Leave only a thin layer of sand on the eggs when heat is needed

Spread sand in the sun, constantly turning it over

Put the turned over sand back in the hole when more heat is needed


We are confronted with some problems of logic: Where did the first generation of these creatures get their engineering training and knowledge? It could not have come from evolution, even its supporters acknowledge evolution is mindless accident. How is it passed on to each succeeding generation? How do these small creatures measure the temperature so exactly, with no errors?


Doesn't all of this seem like marvelous feats of dedicated engineering to you? They to do this writer.


Another marvel of engineering

Source (4) tells us about webs made by spiders. "The most renowned web in the arsenal, the orb, is a marvel of engineering. It may contain sixty-five feet of silk and have from 1,000 to 1,500 connections, yet it is usually spun in less than 30 minutes by its master weaver. Extremely fine and light, the web may support a spider that weighs more than a 1,000 times as much as the silk used in its fabrication."


A victim ..."is held by a substance with far greater tensile strength than steel and twice as elastic as nylon. Some threads can stretch to more than 4 times their original length without snapping."


Why do insects have six legs?

Is probably a question that has perplexed you for years. Just kidding! Our source (1) gives us the answer, "Insects use their six legs, which may appear to be an uselessly complicated technique.....It stands on a tripod formed by the first and third leg on the one side and the middle leg on the other, while the three legs move forward, legs on the alternate side are then moved.


The advantages of an alternating tripod movement so impressed [human] engineers that they based designs for crawling machines on insect locomotion. These designs may one day be used to propel remote-control reconnaissance units for the exploration of other planets."


Who invented the wheel?

The book "Microcosmos" asks and then answers, "...yet what about the wheel?...Now here's an invention designed uniquely by man. Yet, if we observe a common dung beetle at work, another surprise lies in store for us.


Starting with an unshaped clump of cow or sheep dung, it uses its head as a shovel to flatten the chunk, then its legs to form a virtually perfect sphere. It then rolls its creation along..... The dung beetle did not invent the wheel, but certainly came close to it; we will grant it the invention of the ball."


More engineers

We do not have space to detail the work of beavers. Suffice to say noted naturalist Roy Chapman Andrews (5) calls them engineers.


It is also worth noting that in his book author Christopher O'Toole (8) has a chapter about insects he sub-titled "Miniature Miracles of Engineering."


Have plants "evolved" any engineering principles?

Let's leave small creatures temporarily and see more engineering in a different area.


Have you ever wondered about the stalk of a flower? At the end of a long, narrow, somewhat flimsy looking stem is this heavy - by comparison - flower. Yet the slender stem holds up the heavy flower very well, holds it up even strong winds and heavy rains. It is really quite remarkable if we stop and think about it.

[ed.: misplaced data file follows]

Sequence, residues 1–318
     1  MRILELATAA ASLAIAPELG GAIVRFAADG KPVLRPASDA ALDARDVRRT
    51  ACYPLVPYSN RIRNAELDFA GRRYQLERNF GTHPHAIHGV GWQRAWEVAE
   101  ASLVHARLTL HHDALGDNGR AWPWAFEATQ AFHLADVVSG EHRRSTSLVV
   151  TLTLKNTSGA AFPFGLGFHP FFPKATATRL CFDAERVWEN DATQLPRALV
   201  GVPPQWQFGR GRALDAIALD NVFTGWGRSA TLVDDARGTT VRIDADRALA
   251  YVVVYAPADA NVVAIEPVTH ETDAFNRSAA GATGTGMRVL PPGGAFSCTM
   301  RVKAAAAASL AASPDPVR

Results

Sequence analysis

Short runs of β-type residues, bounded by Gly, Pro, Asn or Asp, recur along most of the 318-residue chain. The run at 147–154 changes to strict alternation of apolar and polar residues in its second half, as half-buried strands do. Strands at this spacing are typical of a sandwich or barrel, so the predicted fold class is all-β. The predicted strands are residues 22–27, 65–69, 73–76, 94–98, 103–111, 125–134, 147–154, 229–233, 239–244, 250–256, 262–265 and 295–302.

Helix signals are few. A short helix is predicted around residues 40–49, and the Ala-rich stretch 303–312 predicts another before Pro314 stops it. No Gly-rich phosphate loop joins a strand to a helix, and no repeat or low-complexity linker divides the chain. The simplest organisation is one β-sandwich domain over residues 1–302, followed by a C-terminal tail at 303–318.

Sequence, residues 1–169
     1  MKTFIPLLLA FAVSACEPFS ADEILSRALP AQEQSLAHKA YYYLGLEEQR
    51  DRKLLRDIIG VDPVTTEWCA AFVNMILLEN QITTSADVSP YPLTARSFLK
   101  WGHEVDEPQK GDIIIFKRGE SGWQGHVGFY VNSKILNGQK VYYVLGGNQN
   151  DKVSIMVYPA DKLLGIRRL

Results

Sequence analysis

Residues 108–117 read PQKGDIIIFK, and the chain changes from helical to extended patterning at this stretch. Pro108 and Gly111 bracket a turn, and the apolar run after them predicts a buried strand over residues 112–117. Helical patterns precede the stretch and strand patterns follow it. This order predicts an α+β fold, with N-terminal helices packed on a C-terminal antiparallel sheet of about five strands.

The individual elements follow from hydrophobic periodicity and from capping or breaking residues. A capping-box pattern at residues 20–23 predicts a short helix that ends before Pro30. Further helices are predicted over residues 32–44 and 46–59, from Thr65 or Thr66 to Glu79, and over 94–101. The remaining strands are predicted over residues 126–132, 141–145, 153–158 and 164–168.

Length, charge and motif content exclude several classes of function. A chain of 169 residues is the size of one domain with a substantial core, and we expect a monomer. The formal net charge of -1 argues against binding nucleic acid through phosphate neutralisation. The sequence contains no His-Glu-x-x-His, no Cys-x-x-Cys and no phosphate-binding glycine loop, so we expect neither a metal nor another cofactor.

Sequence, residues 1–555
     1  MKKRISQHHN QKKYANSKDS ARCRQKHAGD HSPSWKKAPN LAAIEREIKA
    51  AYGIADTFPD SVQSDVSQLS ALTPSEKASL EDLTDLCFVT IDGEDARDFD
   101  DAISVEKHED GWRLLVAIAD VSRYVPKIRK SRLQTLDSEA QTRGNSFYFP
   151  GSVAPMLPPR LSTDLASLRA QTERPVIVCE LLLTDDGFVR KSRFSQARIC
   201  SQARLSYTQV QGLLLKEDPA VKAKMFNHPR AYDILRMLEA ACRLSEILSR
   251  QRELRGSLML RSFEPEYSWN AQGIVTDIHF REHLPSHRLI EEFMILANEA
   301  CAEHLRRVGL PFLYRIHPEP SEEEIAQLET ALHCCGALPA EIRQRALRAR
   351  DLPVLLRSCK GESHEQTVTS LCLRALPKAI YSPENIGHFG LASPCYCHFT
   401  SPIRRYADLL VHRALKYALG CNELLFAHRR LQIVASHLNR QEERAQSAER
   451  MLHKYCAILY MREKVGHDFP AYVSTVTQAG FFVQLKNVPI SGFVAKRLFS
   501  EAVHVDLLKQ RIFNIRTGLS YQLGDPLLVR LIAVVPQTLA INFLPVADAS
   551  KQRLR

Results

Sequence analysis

Dr. Harold William Rickett taught Botany at the New York Botanical Garden as well as several universities. He explains (7) "The arrangement of wood in an herbaceous plant bears a curious and interesting resemblance to the structural materials in buildings planned and erected [in other words-engineered] by man."


Dr. Rickett adds that the elements that carry water and minerals through the plant are not scattered, but are grouped in bundles running lengthwise through the stem and roots. These bundles are the long tough strips familiar in a stalk of celery or in a plantain leaf. Rickett adds that every builder knows that to get the maximum stiffness in a column or pillar from a number of strips or rods he must place them as far as he can from the center; if this is done any force which tends to bend the pillar will have to stretch the rods on one side and compress or bend them on the other. This bending and compressing gives much more strength than if they were all together in the center. On the other hand, in the stem, whose problem is to stay erect and to resist forces which would bend it, the woody bundles are found in a ring near the (outside) surface.


Different engineering principles are required for roots

Now Dr. Rickett explains about a different building system, "When we come to the root, we are dealing with something not usually subjected to forces which would bend it, but to lengthwise pulls from the stem above. In it, we find the same sort of cells, but arranged in a strikingly different way; and again, arranged in a way that corresponds with structural principles used in human industry."


"If the wood of a root were arranged as in a stem, the pulls to which it is subjected might easily snap the bundles one by one and the root would no longer anchor the plant safely in the earth. But the wood of the root is concentrated in the center, forming a solid tough core, like a rope; just as we use a thing strong cable to anchor a boat, not a group of wires separated from each other by a soft core."